Flexibility, peer review aids school discipline

Flexibility, peer review aids school discipline

(Ill.) Challenged by one of the nation’s most violent and embedded gang cultures, Chicago Public Schools embarked five years ago on an effort to improve school safety and to address student behavioral problems.

New research evaluating the district’s progress shows some significant gains have been made, suggesting the move away from zero tolerance to a more flexible approach has merit.

In 2009-10, about 24 percent of the students in CPS drew an out of school suspension at least once during the school year – an all-time high at the district. At the same time, gang violence in several parts of inner city Chicago was drawing national headlines, much of it instigated by youths under the age of 18.

As part of a broader government response, CPS provided several high schools special funding to implement pilot intervention programs they hoped would help students develop better relationships –not just with each other but also with the adults working at the schools.

Among the strategies tried out were peer juries – where students are trained to analyze conflicts and suggest appropriate discipline – restorative justice, a similar strategy in which students are brought together in peer-mediated small groups to talk, ask questions and air their grievances. Targeted schools also hired additional counselors.

The next year, CPS rolled out the program to six more high schools and to nearly 40 more in 2010-11.

A new report from the University of Chicago’s Consortium on Chicago School Research found that since the district began implementing the new discipline program, out-of-school suspensions dropped from 24 percent to 16 percent in 2013-14.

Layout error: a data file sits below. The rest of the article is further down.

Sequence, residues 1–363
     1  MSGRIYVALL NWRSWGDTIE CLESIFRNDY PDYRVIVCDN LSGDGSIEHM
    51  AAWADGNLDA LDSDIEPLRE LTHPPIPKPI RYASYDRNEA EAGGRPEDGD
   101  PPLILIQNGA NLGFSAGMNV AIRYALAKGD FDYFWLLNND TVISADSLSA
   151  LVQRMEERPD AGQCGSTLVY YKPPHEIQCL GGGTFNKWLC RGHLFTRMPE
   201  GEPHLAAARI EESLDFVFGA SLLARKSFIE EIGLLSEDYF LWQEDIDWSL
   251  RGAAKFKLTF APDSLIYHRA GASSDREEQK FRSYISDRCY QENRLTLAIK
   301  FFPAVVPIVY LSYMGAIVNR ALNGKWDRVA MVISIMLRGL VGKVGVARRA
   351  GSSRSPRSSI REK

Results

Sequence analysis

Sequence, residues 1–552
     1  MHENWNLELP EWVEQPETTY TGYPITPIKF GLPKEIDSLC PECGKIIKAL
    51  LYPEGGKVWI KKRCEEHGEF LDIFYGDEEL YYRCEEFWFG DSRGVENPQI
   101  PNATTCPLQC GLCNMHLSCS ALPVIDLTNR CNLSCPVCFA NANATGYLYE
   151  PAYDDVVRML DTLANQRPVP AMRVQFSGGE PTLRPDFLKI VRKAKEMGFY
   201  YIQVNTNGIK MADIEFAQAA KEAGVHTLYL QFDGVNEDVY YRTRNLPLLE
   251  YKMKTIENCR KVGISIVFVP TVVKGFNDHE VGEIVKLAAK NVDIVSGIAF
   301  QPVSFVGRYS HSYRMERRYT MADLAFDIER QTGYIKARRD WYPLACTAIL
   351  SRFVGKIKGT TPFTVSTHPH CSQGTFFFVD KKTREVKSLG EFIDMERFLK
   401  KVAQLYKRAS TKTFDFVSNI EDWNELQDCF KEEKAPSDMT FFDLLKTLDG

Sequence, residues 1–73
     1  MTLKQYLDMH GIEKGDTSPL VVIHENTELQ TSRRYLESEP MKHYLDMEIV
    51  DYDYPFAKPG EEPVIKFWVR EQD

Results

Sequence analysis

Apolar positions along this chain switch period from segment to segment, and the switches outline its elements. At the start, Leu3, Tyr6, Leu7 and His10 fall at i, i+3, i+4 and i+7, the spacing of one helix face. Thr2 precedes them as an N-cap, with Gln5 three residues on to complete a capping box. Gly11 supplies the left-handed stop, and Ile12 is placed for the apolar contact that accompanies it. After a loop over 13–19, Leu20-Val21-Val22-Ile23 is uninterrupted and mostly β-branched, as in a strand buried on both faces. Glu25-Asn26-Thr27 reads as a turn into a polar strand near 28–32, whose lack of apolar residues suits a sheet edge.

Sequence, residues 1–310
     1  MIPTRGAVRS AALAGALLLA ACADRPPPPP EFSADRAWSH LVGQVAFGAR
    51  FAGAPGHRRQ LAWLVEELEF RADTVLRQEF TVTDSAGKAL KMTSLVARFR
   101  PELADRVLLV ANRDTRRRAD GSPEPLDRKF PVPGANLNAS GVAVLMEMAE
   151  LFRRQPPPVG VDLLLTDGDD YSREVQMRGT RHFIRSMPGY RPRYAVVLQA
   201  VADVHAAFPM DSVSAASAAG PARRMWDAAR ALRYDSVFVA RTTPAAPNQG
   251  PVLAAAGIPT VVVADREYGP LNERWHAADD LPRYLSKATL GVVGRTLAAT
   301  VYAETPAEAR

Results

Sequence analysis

That said, researchers found that in-school suspension rates have nearly doubled among African American high school students during the study period. Among African American boys the rate went from 15 percent in 2009 to 29 percent last year; among African American girls, it jumped from 12 percent to 20 percent.

Researchers said they believe some schools are using in-school suspensions in instances where they previously used out-of-school suspensions, or shortening the length of out-of-school suspensions.

“In-school suspensions tend to be shorter than out-of- school suspensions and they allow for the possibility that students could receive an intervention or support while serving the suspension,” the report said. “Yet, they still result in a loss of instructional time for students.”

The research team noted there is a high degree of correlation between behavior problems and classroom performance. There are some unmistakable demographic trends too.

African American students are much more likely to be suspended than students of other races/ethnicities, the authors pointed out:

  • About a third of African American boys in high school (33 percent) received an out of school suspension in 2013-14.

In comparison, 13 percent of Latino boys in high school and 6 percent of white/Asian high school boys received the same discipline in 2013-14.

  • African American girls also have high out of school suspension rates in high school, at 23 percent in 2013-14. This compares to rates of 6 percent for Latina girls and 2 percent for white/Asian girls.

Not surprisingly, another subgroup that is often subjected to school discipline – students with disabilities – continued to be even under the new CPS system: Out-of-school suspension rates for students with identified disabilities were 24 percent at the high school level and 16 percent in middle grades in the 2013-14 school year.

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